Seber, D., Barazangi, M., Tadili, B., Ramdani, M., Ibenbrahim,
A., and Ben-Sari, D.
Three-dimensional upper mantle structure beneath the intraplate Atlas and
interplate Rif mountains of Morocco
Journal of Geophysical Research, 101, 3125-3138, 1996.
We integrate observations based on teleseismic
P wave travel times and available geologic data to infer that the lithosphere
beneath the intraplate Atlas mountains is thin and/or it is characterized by lower
P wave velocities, while beneath the interplate Rif mountains and the adjacent
Alboran Sea a previously thickened lithosphere has been delaminated into the upper
mantle. Using surface geology and geochronology data, previous studies have proposed
that lithospheric delamination took place in this region. In this study we show
through analysis of teleseismic P wave residuals the existence of a high
velocity (>3%) upper mantle body, which is interpreted to be the delaminated,
rigid lithosphere. This high-velocity layer is overlain by a very low velocity
uppermost mantle material replacing the delaminated lithosphere. Teleseismic P
waves recorded by a recently installed digital seismic network and an older analog
network in Morocco provide the residuals database. A total of 734 P wave
residuals from 92 selected teleseismic earthquakes are used to document the spacial
pattern of upper mantle velocity structure beneath northern Morocco and the Alboran
Sea. Subsequent use of these residuals in a tomographic inversion scheme produced
a three-dimensional velocity image of the upper mantle. We infer from the P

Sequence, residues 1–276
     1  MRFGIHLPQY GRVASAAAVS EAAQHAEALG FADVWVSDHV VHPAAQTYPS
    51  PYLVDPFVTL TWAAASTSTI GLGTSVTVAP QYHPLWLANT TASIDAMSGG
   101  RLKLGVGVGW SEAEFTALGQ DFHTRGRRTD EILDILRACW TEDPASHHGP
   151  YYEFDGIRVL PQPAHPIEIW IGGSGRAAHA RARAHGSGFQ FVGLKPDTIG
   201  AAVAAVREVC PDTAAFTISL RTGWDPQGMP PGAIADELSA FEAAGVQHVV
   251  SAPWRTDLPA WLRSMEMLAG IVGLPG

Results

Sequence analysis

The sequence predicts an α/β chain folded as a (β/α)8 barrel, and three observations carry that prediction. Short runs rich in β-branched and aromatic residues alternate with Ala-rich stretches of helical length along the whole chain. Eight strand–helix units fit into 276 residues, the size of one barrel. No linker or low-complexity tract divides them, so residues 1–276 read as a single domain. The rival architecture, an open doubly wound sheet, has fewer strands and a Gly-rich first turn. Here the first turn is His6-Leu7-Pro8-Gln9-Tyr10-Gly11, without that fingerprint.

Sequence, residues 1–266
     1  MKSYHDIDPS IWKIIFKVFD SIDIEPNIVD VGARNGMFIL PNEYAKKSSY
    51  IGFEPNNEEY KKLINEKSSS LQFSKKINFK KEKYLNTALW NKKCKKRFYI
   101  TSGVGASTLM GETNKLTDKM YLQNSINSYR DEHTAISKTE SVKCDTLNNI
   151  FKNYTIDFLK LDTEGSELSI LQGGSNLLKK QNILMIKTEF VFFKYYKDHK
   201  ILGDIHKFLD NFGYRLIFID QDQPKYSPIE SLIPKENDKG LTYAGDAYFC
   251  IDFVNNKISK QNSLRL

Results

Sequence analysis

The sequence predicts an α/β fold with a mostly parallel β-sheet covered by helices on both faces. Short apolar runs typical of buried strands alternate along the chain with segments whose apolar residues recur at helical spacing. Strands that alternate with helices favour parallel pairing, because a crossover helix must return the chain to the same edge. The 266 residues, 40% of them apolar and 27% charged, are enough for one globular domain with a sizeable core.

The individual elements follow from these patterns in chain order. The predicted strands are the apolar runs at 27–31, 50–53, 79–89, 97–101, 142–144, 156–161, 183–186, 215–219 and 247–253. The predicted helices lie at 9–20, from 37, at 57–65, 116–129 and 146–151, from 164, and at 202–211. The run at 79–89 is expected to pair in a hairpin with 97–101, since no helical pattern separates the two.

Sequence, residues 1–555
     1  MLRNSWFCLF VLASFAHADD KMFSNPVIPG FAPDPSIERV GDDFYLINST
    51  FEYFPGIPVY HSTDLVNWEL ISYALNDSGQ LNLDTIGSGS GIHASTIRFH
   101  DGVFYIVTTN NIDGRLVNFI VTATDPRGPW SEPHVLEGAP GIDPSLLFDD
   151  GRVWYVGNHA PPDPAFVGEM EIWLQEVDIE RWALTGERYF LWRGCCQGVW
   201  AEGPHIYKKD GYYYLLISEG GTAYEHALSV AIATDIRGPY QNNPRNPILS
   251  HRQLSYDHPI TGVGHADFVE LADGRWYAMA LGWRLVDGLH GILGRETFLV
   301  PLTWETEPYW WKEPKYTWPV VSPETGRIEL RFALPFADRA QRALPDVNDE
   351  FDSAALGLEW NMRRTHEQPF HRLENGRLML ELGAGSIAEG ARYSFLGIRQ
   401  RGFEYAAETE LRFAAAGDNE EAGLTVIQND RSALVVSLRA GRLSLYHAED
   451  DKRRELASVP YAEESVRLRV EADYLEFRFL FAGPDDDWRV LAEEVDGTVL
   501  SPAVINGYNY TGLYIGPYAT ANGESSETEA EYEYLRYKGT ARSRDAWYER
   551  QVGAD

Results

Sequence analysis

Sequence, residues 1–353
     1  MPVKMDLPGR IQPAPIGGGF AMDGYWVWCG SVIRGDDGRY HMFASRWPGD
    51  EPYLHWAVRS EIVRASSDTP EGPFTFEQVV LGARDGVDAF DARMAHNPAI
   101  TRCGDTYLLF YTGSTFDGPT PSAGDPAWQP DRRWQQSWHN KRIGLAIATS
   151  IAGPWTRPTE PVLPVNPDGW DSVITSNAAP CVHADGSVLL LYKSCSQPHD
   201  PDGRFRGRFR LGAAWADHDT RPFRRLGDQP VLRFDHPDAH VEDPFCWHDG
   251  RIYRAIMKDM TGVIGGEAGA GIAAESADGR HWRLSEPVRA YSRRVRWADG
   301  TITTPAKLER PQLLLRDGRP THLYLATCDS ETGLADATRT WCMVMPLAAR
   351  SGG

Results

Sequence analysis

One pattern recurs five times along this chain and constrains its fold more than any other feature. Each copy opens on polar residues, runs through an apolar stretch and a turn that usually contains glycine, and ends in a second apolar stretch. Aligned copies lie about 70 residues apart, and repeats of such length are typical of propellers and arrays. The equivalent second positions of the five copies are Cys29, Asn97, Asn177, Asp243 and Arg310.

residuals that strong upper mantle velocity anomalies exist beneath both the Rif
and Atlas regions. The Rif stations show negative residuals (- 1-1.5s) for ray
paths from the east and northeast and show positive residuals (~ 1-1.5s) for raypaths
from the northwest and southwest. Tomographic results indicate the existence of
a high-velocity body (~ 3% higher velocities) in the upper mantle beneath the
eastern Rif and Alboran Sea, extending approximately from subcrustal depths down
to a depth of at least 350 km. In the western Rif, however, 1-2% lower velocity
material is imaged in the upper mantle. The residuals of the Atlas stations also
show azimuthal variations. In general, most of the P waves that travel beneath
the High and Middle Atlas have about 0.5-1.0s delays. In contrast, the rays that
travel beneath the northwestern margin of the Atlas mountains and the adjacent
Moroccan Meseta area show negative residuals (~1s), suggesting that higher velocity
material exists beneath the platform area adjacent to the Atlas mountains. Tomographic
results indicate that beneath most of the Atlas system the uppermost mantle has
about 1% lower velocities. Beneath the Alboran Sea region, however, reported low
uppermost mantle Pn velocities contrast strongly with higher velocity upper mantle
velocities obtained by our analysis. Low-velocity uppermost mantle beneath the
Alboran Sea underlain by a high-velocity upper mantle material is used to support
earlier interpretations of lithospheric delamination beneath the Rif and Alboran
Sea Regions. The enigmatic occurrence of subcrustal earthquakes in these regions
is also consistent with this active delamination mechanism.
An edited version of this paper was published
by AGU. Copyright 1996 American Geophysical Union.
Link to JGR
Key Figures and Captions
Figure 11. A schematic representation of the interpreted cross
section across the Atlas and Rif/Betic regions. This interpretation is meant
to show a gross upper mantle structure based on analysis of teleseismic residuals.
Lithospheric thinning beneath the Atlas is inferred from the positive residuals.
Beneath the Rif and Alboran Sea regions teleseismic P wave residuals
and tomographic inversion results show that high-velocity material exists in
the upper mantle. Very low Pn velocities in the uppermost mantle are overlain
by high-velocity upper mantle material. In a recent study Seber et al.
 discussed the occurrence of intermediate-depth earthquakes beneath the
Alboran Sea and surrounding regions and the presence of a seismic gap in the
uppermost mantle beneath the Alboran Sea region.